The British fringe group known as the Palestine Solidarity Campaign (PSC) may not be large in numbers, but it is certainly big on noise. Its ‘one-stater’ members have a particular penchant for radical chic, taking part in convoys, flotillas, flytillas, and frequent demonstrations and events starring supporters and members of terrorist organisations.
The PSC’s director Sarah Colborne was a member of the executive committee which organised the Global March to Jerusalem. She was also recently in Gaza, together with PSC chair Hugh Lanning, as part of the Interpal-organised ‘Miles of Smiles‘ convoy. Interpal is tied to the Muslim Brotherhood’s ‘Union of Good‘, headed by homophobic and anti-Semitic hate preacher Yusuf al Qaradawi.
Obviously, these extremists at the PSC – who both support and enable terror organisations proscribed by the British government and behave like star-struck teenage pop fans whenever their racist, homophobic, misogynistic heroes come to town – would not be the type of bedfellow the socially responsible Left liberal progressives at the Guardian would go out of their way to support.
Or would they?
The PSC has recently been running a high-profile campaign on behalf of Mahmoud Sarsak – an active member of the military wing of the Palestinian Islamic Jihad (or – in less euphemistic terms – a member of a violent terror organisation) currently held in Israel under administrative detention laws because (as Adam Levick has already pointed out on these pages) numerous judges in both the District Court and the Supreme Court in Israel are convinced that he poses a real danger to the public.
“In its response, the State claimed that the Supreme Court should uphold the district court’s decision and referred the Supreme Court to current intelligence information that indicates that the appellant continued to maintain ties with the PIJM and its military activity even from within the detention facility. Moreover, the assessment of ISA’s experts is that the combination of the appellant’s high motivation and expertise in manufacturing and training others in the use of explosive weapons raises the probability that if released, Sarsak would be reintegrated into the PJIM in Gaza promptly and would endanger the security of the State.”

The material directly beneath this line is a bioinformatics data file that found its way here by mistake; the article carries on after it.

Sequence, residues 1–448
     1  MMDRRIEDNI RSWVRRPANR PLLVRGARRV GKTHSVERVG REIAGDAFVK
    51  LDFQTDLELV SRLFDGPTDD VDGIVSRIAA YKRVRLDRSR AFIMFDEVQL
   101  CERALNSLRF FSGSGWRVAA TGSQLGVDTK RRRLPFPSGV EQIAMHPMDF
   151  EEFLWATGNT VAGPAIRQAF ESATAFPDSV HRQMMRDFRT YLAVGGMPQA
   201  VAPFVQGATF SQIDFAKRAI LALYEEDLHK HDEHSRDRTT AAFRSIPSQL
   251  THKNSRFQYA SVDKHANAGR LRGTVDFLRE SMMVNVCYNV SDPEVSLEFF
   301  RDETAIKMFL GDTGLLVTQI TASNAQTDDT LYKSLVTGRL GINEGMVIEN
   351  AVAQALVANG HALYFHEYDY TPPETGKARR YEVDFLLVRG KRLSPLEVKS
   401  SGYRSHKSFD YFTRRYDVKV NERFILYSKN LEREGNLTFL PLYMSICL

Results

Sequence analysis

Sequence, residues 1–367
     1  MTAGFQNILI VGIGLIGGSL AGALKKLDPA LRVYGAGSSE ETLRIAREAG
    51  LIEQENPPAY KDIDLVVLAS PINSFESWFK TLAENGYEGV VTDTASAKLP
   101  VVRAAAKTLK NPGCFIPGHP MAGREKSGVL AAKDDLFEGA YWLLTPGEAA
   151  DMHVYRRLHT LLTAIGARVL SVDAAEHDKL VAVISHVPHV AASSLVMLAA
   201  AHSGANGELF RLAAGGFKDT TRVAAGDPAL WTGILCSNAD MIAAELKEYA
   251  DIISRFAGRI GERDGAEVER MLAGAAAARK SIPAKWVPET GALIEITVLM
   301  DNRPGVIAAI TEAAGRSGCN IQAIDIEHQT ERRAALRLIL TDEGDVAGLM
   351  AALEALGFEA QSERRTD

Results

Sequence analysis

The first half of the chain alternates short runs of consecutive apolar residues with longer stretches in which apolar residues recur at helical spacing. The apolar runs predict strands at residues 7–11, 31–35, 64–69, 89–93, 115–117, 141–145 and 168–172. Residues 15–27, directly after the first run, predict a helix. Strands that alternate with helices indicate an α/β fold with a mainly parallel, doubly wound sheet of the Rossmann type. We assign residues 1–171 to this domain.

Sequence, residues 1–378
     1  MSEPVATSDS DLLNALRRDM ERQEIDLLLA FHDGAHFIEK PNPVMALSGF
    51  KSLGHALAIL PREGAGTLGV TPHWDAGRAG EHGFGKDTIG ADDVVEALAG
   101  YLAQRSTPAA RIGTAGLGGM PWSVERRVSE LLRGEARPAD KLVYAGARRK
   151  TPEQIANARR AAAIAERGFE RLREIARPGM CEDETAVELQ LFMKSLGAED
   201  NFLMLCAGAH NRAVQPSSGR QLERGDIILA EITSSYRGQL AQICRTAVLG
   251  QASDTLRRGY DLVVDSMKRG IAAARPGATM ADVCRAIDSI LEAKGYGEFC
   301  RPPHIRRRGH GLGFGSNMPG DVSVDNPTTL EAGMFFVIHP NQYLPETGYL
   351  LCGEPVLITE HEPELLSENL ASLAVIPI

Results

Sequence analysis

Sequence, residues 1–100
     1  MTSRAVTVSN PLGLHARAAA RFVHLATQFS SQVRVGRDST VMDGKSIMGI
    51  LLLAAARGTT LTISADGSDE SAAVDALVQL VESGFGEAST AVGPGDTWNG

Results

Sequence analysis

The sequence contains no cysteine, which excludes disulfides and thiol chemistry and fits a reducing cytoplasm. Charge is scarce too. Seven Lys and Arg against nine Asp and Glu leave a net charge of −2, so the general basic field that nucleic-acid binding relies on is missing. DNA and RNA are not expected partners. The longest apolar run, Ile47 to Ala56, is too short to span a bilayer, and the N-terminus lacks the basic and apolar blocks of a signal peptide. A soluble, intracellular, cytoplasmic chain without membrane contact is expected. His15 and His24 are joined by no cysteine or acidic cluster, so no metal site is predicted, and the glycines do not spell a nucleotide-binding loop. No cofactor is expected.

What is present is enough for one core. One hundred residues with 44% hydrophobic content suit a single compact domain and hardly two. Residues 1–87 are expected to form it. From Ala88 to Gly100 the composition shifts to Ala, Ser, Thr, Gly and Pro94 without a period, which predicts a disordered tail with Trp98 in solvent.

Of course the PSC does not inform the public about that aspect of Mahmoud Sarsak’s activities. Instead, it chooses to focus exclusively upon the fact that he is also a footballer. PSC newsletters implore their recipients to telephone the UK Foreign Secretary and contact their MPs on Sarsak’s behalf as well as to put pressure on UEFA to cancel a football tournament in Israel next year, even providing handy letter templates for the purpose.
Obviously, neither the PSC nor figures such as Eric Cantona who have signed a petition calling for Sarsak’s release care a jot about the civilians at risk should he be free to return to his PIJ terrorist activities.
And seemingly neither does the Guardian, if we are to judge by the heart-string–tugging article by Harriet Sherwood on the subject on June 6th in which Sarsak’s extra-stadium activities were flippantly dismissed in one sentence:
“Sarsak’s family deny that he is a member of any militant organization.”
Since then, the Guardian appears to have upped its participation in the Sarsak campaign by publishing a letter on the subject from former MP and Socialist Campaign Group member John Austin on June 14th. Of course Austin failed to mention the background to Sarsak’s detention too.
On June 17th, the Guardian ran another article by Hugh Muir, also featuring a half-baked version of the Sarsak story (he in fact began drinking milk several days before Muir’s article was written and his hunger strike has now ended) as well as neglecting to make any mention of Sarsak’s connections to a terrorist organization.
Muir also thought it fit to promote the latest PSC escapade entitled ‘Palestine Place‘ – a squat in London – which may appear bizarre until one appreciates the fact that he also appeared at an NUS conference in 2010 alongside Amena Saleem of the PSC, Anas Altikriti of the BMI and Luftur Rahman (mayor of Tower Hamlets), among others.
Yet again, it appears that the Guardian has elected to patronizingly ignore ‘the public’s right to know’ all the details of a story it chooses to promote – repeatedly – if those details present stumbling blocks on the route to its broader agenda.
Part of that agenda seems to involve an aspiration to become the Palestine Solidarity Campaign’s ventriloquist’s dummy.